SVP strongman Blocher linked to bank scandal

A scandal that had threatened the standing of the Swiss central bank chief Philipp Hildebrand turned its focus Tuesday to a leading politician and critic of the banker.

SVP strongman Blocher linked to bank scandal
Paenultima (File)

Swiss media reported that Christoph Blocher, an outspoken figurehead of the far-right Swiss People’s Party, may have skirted Swiss law in helping spark an investigation into a money transaction by Hildebrand’s wife.

Kashya Hildebrand reportedly exchanged a large sum of Swiss francs weeks before the Swiss National Bank moved to devalue the currency by imposing a minimum value against the euro.

The SNB has since said an independent inquiry revealed no foul play.

Le Temps newspaper reported on Tuesday that Blocher delivered extracts from the couple’s banking documents to then president Micheline Calmy-Rey after requesting a meeting on December 15th.

Breach of client confidentiality is punishable by law but Basel authorities said on Tuesday no legal case had so far been launched.

Authorities will only act if a complaint is lodged, public ministry spokesman Markus Melzl told the ATS news agency.

Blocher, who has been critical of the SNB’s 1.20 francs to the euro floor, believing it should be higher for the sake of Swiss exports, has for the most part remained silent, merely telling media: “There’s a time to speak and a time to stay quiet. It is time to stay quiet.”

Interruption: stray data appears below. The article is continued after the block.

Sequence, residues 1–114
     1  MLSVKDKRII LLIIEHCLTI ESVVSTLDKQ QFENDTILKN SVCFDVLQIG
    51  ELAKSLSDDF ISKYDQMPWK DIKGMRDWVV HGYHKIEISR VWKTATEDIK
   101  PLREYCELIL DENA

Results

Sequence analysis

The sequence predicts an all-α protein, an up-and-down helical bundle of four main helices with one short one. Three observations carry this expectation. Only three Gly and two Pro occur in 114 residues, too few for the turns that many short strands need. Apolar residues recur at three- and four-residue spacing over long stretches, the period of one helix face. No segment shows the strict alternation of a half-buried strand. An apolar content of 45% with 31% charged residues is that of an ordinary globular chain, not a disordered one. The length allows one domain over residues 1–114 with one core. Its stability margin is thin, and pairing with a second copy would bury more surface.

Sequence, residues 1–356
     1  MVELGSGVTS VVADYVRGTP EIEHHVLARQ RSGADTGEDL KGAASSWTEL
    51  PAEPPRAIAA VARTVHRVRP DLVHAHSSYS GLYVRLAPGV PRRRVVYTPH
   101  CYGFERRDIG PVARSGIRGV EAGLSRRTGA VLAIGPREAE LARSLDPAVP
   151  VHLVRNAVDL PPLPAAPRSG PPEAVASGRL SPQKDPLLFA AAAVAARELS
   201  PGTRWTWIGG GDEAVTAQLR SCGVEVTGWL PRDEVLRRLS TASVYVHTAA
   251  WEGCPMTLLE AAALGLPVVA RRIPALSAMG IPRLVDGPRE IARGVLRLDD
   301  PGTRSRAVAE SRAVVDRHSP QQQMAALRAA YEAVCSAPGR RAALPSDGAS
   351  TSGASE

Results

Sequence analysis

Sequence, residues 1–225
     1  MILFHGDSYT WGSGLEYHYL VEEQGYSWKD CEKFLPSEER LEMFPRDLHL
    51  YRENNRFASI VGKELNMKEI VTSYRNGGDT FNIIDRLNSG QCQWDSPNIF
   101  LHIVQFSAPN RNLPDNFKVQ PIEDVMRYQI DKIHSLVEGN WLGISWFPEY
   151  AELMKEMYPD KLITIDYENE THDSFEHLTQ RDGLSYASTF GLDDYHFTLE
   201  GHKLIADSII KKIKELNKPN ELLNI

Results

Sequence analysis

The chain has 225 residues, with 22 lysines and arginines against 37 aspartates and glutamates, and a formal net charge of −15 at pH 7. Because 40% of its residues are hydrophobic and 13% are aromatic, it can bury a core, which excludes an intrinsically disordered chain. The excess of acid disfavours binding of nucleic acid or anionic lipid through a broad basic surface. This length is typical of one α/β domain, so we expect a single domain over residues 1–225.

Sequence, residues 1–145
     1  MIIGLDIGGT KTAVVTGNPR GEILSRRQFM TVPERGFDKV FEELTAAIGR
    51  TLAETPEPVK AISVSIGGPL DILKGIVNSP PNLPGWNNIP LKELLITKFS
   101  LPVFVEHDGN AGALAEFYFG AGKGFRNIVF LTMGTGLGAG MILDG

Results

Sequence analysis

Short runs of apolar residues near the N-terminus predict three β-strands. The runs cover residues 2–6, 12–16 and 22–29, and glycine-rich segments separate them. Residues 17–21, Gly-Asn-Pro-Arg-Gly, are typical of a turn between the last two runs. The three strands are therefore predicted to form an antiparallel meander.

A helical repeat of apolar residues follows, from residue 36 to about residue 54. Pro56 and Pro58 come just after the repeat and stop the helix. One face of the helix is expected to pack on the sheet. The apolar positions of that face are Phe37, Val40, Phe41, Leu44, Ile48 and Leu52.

Kashya Hildebrand, who runs an art gallery in Zurich, reportedly bought $500,000 on August 15th, ahead of the SNB announcement on September 6th that it was to set a bottom limit for the franc against the euro.

The bank acted due to the currency’s value soaring amid the euro debt crisis, biting into Swiss exporters’ earnings.

After the measure was imposed, the dollar gained 10 percent against the franc.

Kashya Hildebrand said late on Tuesday that she had been interested in buying dollars due to the fact that they had “hit a very low level and become ridiculously cheap.”

In a written statement to SF Swiss television, her first public reaction to the currency revelations, the American of Pakistani extraction added that she had always followed the exchange market and had worked in the banking sector for 15 years between 1984 and 1999 before moving into art.

She said she was “astonished at the interest aroused by this purchase of currency” last August, saying the transaction had been notified to the Swiss National Bank and there had been no objection.

She justified the transfer by saying that 70 percent to 80 percent of the transactions carried out by her art gallery were done in dollars.

The SNB had responded to what it described as “unfounded rumours” in a statement on December 23rd, saying independent checks found no illegal transaction or exploitation of privileged bank information had occurred.

All transactions were examined in detail and “confirmed entirely with regulatory requirements,” the central bank said.